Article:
Lots of talk, speculation and controversy over Kawasaki's decision to terminate Davi Millsap’s contract. I, for one, don't understand it at all. Where I come from when you don't perform at your job, no matter what that job might be, you get fired. Your thoughts and insight?
That’s how the real world works, Jim, so I understand your confusion. However, while Davi wasn’t setting the world on fire this year, he was making the main events and posting up some top-ten finishes, which certainly isn’t that bad. As long as effort is being made and the rider isn’t breaking any of the conduct rules of the contract, a team will typically honor the term and finish out the year. While Millsaps and Kawasaki won’t talk about it, there was clearly something that violated the terms of his agreement in terms of conduct and Kawasaki took action. If you look at what they did with Jeff Emig and Ron Lechien, for example, you will see that Kawasaki takes a hard line on these types of things. While it may have only been an anti-inflammatory with a steroid component (which I think will soon come out in the wash) it was enough to merit the termination of his contract. That's the same thing that would happen in your workplace (unless you work as one of those drug-study patients). We may never hear the full truth behind all this due to the legal entanglements, but I'm guessing you won't see Davi on green again until he buys a John Deere tractor.
Did someone kidnap Ryan Villopoto? How in the world does an elite motocross racer with multiple championships, in the most excellent physical condition, allow himself to loop out on his meticulously maintained factory KX450? I’m trying to run through scenarios in my head but…. Throttle stuck; surely he would have pulled in the clutch. Rear brake wasn’t working is about the only thing I can figure but still that clutch would have been able to work. Aliens abducted him and he wasn’t fully recovered from the experimental probing?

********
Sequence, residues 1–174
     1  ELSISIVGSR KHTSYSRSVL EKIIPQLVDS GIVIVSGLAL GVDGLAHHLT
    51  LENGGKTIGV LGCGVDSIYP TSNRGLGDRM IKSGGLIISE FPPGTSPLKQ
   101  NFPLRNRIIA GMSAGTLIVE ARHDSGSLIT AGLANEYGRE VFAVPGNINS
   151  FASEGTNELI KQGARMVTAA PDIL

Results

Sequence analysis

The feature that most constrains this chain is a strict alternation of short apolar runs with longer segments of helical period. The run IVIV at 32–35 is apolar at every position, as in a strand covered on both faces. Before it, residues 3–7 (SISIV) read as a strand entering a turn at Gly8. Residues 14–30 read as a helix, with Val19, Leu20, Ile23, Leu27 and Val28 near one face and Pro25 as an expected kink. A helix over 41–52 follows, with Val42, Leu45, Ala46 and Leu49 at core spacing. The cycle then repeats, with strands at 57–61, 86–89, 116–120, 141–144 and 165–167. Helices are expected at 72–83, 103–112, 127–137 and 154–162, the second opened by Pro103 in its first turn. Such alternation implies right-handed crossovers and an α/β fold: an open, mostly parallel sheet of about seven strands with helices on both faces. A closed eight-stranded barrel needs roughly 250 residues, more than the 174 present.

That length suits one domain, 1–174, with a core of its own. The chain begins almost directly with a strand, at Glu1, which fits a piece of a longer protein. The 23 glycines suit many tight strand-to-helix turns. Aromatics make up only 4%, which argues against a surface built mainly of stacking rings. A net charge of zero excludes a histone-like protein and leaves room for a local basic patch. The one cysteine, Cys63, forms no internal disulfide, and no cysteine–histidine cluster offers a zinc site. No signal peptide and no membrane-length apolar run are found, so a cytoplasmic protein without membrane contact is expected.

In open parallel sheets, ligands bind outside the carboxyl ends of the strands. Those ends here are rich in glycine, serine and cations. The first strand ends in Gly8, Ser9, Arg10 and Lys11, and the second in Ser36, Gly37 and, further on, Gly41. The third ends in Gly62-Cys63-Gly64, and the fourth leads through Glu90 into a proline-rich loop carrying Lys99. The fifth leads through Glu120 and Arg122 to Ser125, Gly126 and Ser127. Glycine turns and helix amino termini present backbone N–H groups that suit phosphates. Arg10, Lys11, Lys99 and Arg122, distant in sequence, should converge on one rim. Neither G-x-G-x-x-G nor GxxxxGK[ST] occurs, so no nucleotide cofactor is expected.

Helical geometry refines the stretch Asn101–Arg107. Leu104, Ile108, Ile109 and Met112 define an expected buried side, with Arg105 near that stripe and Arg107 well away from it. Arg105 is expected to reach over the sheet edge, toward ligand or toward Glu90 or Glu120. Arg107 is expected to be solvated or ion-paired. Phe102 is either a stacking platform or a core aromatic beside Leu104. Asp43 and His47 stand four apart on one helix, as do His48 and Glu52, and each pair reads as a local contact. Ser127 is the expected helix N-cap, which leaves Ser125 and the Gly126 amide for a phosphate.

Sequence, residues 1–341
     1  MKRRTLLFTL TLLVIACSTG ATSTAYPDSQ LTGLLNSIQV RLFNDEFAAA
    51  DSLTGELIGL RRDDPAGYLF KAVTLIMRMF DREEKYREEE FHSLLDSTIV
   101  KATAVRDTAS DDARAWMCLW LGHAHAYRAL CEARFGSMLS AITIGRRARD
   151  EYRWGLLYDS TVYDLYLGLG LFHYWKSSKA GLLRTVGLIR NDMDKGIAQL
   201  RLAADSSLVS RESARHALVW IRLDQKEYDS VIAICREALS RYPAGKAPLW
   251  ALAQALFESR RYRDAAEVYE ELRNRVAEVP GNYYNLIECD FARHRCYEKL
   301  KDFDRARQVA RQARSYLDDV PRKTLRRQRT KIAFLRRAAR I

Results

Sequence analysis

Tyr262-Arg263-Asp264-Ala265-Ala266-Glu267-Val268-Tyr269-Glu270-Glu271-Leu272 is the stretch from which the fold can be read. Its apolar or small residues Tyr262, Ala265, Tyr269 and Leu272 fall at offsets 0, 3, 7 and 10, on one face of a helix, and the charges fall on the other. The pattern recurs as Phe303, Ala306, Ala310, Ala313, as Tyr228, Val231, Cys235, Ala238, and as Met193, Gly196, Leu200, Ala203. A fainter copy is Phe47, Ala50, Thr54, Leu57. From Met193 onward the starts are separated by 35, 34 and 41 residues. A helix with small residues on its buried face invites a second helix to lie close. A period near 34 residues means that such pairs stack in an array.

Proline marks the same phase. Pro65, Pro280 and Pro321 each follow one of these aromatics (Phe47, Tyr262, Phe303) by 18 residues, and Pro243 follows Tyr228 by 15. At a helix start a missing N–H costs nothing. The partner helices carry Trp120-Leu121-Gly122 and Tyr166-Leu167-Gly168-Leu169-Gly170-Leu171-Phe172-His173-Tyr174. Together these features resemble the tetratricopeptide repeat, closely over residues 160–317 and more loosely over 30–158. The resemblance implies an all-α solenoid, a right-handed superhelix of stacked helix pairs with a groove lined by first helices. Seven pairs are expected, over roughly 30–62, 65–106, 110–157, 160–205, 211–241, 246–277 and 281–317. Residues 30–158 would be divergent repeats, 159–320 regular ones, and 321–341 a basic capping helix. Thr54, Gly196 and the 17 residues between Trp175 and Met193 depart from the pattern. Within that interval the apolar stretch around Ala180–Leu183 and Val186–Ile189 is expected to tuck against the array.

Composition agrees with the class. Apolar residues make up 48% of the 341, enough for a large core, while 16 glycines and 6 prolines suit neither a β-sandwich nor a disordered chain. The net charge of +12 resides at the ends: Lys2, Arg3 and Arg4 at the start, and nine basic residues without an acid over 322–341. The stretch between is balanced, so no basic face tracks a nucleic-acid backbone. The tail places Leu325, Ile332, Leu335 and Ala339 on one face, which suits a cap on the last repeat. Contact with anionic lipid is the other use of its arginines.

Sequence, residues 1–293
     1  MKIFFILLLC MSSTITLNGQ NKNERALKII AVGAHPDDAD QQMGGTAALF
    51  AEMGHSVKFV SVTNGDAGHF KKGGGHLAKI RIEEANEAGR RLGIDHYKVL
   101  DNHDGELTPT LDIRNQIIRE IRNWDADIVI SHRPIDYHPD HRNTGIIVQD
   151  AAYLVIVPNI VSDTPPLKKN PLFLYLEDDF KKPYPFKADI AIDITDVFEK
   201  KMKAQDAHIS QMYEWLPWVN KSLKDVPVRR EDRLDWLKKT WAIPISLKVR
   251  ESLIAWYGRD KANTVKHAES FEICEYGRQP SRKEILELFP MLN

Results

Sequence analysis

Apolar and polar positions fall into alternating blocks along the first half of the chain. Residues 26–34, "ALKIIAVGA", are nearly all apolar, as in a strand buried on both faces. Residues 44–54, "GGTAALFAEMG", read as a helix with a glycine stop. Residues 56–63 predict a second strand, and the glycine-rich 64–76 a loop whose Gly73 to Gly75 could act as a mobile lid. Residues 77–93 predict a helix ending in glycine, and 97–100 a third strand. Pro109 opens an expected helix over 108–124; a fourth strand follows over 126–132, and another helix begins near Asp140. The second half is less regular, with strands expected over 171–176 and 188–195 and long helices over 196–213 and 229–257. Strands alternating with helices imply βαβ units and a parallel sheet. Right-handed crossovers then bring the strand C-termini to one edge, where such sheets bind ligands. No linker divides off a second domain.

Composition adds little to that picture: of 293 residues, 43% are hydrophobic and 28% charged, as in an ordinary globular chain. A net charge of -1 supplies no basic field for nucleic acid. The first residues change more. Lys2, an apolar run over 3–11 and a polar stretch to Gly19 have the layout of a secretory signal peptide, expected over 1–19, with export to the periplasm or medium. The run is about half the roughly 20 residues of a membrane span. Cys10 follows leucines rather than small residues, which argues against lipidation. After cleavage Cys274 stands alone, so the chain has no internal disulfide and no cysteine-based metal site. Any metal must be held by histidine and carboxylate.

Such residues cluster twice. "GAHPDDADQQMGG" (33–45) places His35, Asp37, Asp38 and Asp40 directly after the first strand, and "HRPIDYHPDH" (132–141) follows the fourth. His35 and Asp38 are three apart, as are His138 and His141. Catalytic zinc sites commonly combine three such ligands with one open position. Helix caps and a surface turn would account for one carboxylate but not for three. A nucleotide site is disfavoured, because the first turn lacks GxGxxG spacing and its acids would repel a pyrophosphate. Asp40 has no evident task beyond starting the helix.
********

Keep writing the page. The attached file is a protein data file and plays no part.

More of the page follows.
I’m still waiting for the real RV to step up at Vaalkensward (spelling? Insert sand track). Hopefully he didn’t bruise himself up too bad, but making up 47 points will be really difficult unless some of those guys have some bad days. Someone let me know where RV went!
I’m pretty perplexed myself, John. I think we have to admit that we underestimated how difficult it is to transition from one series to the next. I know it seems like a bike is a bike and a track is a track and the best guy should always win, but it just isn’t that way. Many of the top Euro riders have come over, including Everts, and none of them have won here right away. The two series are different enough that it takes some time to acclimate. When RV announced he was going over there my reaction was no different from any other American: I was out in front of my house in my Old Glory Speedo firing off .38 rounds with one hand and eating a greasy cheeseburger with the other. It’s the American way. I was celebrating before the first gate even dropped because he’s an American, dammit, and that’s what we do—we win. Well, not this time, Kemosabe. Tony Cairoli, Max Nagl, and the Panda have a massive points gap, and unless all three of them suck sand next weekend and blow up…in both motos…RV is out of this. Just like when Napoleon Dynamite’s grandma took a little spill at the sand dunes and broke her coccyx, Ryan Villopoto is going to be feeling the effects of his Larry Loopout moment in Italy. I’m really hoping that doesn’t mean he’ll be as fast as Uncle Rico at the next few rounds, but I don’t know how amazing he's going to be in the deep Belgian sand with a cracked backside. All we can do is support our boy and, if he wins again, bust out the stars-and-stripes Speedo and make some noise.
First off, I’m not trying to start the whole “bring the 2-strokes back debate” but with all the hype (at least in your column) I wanted your honest opinion on this. I was watching the MX2 Canadian nationals over the weekend and noticed Benoit riding a 250 2-stroke. Not only was he riding a 250 2-stroke he was railing and ended up 2nd overall. I guess I’m wondering if this isn’t already legal with AMA MX/SX pro championships, why not? Secondly if it were legal do you think anyone would jump on the opportunity? And if it is already legal why is nobody doing it? I could see the pros and cons of riding it considering everyone rides differently and may prefer a 2-stroke to a 4-stroke. Hopefully you can grace us with your thoughts.
Right now it is not currently legal to ride a 250 two-stroke in the 250 class. That makes a lot of sense, doesn’t it? The manufacturers don’t want it, plain and simple. Only Yamaha and KTM (and Husky) would have any skin in that game, so there’s nothing to gain for the other manufacturers. It would make a great bike for privateers who can’t fork out the thousands of dollars to make a 250 four-stroke competitive. The AMA is always so concerned about making it fair for the privateers. Well, here’s your chance. Open the 250 class up to all 250s and let folks race what they want to race. Honestly, a two-stroke 250 is more difficult to ride, especially when the track is slick, and the guys winning would still be on four-strokes. But it would be a cheaper solution to having a competitive bike for some and they would have a built-in fan base when they hit the track. After all… who doesn’t love a guy on a two-stroke?
Have a question for Ping? Send it to Ping@racerxonline.com.